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Do Not Add Your Children to the Title of Your House!

Posted on: June 9th, 2015
In an all too common scenario, an elderlEstate Planning and Real Estatey couple with modest assets may take seemingly minor steps that have devastating tax consequences.

One of the most common of these mistakes is adding their children to the title of their house. Often, they do 
this without the benefit of advice from a legal professional because they want to avoid spending a few hundred, or even one or two thousand dollars on professional advice. What they do not realize, however, is that the result of these actions often cost their children tens of thousands of dollars in taxes once the parents are gone!

An All Too Familiar Situation . . .

In a recent case, we encountered a family where the parents owned their home free and clear and had lived in the home for more than fifty years. It was their son's childhood home and it stayed in the family until the parents passed away. When the father became ill in 2009, the parents decided to add their son to the house title so that he could avoid probate once they both were gone. They read about this on the Internet but failed to run it by a lawyer. They filed a do-it-yourself Quit Claim Deed and added their son to the title of their house in 2009.

(By the way, a Quit Claim Deed almost always is a bad idea, except perhaps in a divorce situation. Most do-it-yourself legal form books and internet do-it-yourself legal sites tout the use generic Quit Claim Deeds. Don't be fooled. Use a Warranty Deed instead.)

Whether a Quit Claim or Warranty Deed was used, the tax problem came into play when the parents added their son to the house title. Typically there are no state or local transfer taxes due when adding a child to a house title. Property transfer taxes, however, are minor compared to Capital Gains Taxes implications.

Capital Gains Taxes--the Middle-Class Estate Tax

Generally speaking, Capital Gains Taxes are assessed when people sell real estate for more than what they paid. Capital Gains Taxes are reported on the income tax return. If they owned the real estate for more than one year, the tax rate assessed will be the Long Term Capital Gains Tax Rate.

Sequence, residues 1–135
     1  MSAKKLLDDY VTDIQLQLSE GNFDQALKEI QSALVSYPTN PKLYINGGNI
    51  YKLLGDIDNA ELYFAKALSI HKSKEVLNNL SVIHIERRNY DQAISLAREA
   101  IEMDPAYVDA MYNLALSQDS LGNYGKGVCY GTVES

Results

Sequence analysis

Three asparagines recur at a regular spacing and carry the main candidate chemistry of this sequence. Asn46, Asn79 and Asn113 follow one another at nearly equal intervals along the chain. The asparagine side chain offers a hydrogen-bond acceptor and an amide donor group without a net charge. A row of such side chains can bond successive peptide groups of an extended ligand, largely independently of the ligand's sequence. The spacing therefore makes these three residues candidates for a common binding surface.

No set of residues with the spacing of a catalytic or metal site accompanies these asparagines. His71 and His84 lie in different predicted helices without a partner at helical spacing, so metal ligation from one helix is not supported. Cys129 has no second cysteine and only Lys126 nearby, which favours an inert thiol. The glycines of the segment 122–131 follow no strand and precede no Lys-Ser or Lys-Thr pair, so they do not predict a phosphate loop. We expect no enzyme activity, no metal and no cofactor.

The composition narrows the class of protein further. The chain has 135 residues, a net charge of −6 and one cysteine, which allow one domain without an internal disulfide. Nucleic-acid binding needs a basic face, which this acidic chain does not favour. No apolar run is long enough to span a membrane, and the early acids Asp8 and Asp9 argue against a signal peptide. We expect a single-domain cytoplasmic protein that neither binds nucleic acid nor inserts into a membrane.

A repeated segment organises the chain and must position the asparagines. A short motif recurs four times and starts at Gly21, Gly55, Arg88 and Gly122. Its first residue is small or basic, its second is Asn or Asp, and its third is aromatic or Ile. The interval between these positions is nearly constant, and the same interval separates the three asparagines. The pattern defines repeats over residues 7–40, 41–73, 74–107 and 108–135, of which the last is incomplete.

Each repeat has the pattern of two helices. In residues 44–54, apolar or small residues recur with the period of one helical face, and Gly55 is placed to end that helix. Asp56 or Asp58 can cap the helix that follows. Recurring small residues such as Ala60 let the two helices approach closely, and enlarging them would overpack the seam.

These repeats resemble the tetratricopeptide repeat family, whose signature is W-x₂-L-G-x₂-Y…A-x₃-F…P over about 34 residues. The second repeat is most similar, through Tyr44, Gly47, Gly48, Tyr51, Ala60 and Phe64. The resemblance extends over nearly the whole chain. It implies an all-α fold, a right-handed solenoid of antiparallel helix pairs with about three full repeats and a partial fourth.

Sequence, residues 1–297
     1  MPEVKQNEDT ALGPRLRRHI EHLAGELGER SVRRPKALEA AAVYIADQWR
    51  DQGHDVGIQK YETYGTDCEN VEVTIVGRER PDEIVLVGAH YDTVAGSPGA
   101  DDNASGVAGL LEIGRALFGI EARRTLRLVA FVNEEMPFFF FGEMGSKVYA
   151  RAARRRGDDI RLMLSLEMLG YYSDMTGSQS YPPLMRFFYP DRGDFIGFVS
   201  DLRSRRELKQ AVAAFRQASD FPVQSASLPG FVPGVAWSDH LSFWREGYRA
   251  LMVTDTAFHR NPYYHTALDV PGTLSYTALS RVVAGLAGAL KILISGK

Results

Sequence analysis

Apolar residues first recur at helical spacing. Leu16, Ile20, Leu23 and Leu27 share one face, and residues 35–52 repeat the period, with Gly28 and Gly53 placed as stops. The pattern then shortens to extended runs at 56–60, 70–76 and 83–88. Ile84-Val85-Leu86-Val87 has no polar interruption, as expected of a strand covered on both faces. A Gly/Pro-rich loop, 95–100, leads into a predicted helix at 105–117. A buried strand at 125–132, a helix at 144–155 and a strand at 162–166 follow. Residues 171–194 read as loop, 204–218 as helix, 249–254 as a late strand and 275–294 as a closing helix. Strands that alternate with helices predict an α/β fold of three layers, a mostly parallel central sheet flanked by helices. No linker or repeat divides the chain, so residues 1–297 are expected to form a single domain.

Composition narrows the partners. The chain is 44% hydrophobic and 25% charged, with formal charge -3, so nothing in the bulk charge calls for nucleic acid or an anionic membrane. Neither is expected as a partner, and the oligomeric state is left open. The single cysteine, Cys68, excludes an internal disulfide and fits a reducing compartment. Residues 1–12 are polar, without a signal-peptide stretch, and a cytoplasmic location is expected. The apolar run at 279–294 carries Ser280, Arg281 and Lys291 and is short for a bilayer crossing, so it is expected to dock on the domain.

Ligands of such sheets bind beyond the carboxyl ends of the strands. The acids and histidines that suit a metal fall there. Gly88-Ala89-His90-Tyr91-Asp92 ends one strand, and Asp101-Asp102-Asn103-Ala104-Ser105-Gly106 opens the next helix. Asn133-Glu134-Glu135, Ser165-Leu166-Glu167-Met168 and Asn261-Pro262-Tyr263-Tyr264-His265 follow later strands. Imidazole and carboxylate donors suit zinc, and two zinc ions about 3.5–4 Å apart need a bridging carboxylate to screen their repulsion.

Many people know of the Personal Residence Home Sale Exclusion:  if a couple sells their primary residence generally they can exempt the first $500,000 of the capital gains from the Capital Gains Tax. There are some detailed provisions, but this is the general rule. This is one way to reduce Capital Gains Taxes.

The other way to completely eliminate Capital Gains Taxes is to die owning the property in your own name. In other words, the Internal Revenue Code provides that if you own property in your sole name, then upon your death, the property gets a Step-Up in Basis to the date-of-death value. Thus, if you paid $50,000 for a house in 1940 and it was worth $500,000 when you die, your family will receive the house with a basis of $500,000. If they then sell it for $500,000, they have no gain and no Capital Gains Taxes to pay.

The Devastating Tax Burden

Back to our misguided family: the parents bought their home in 1959 for $30,000. They raised their family in the house and they both lived out their lives in the house. The father became ill in 2009 and they added their son to the title of the house using a Quit Claim Deed based on something they read on the internet. This action caused their son to get a Carry-Over Basis in the house value, meaning that his basis was the same as his parents--$30,000. Tragically, the parents passed away at the same time in an automobile accident in 2014 and the house passed to the son as the surviving owner listed in the Deed. The house was appraised as of their date of death at $600,000.

When the son sold the house for $600,000, he was assessed Capital Gains Tax on $550,000--the difference between the sales price and the Basis (plus the cost of selling the house, which totaled $20,000). The son had never lived in the house so he was not eligible for the primary residence exclusion from the tax. The Capital Gains Tax rate is 15% - 20% depending on the taxpayer's tax bracket. Fortunately the son was in a lower tax bracket so his Capital Gains Tax Rate was only 15%.

That was no consolation to the son, however, because 15% of $550,000 is $82,500! By filing a Quit Claim Deed in 2009 with no legal guidance, the couple saddled their son with a tax bill of $82,500 in 2014! Instead of leaving their son with the full value of the modest wealth that they had built up over their lifetimes, their actions eroded a large part of their estates.

Not All Advice is Good Advice

Instead of filing a do-it-yourself Quit Claim Deed, had the couple made an appointment for a free consultation with an estate planning attorney, they could have saved their son more than $80,000 in taxes. Paying an attorney $2,500 or so for a solid estate plan would have saved their son tens of thousands of dollars! If the house had passed to their son through their estates based on their Wills, the son would have received a step-up in basis on the house and he would have had zero in Capital Gains Tax due.

Not all advice is good advice in all situations. It takes a qualified professional to understand the advice in the context of a larger picture and a specific family situation. Using Quit Claim Deeds in estate planning almost always is a huge mistake, often with extremely expensive consequences.


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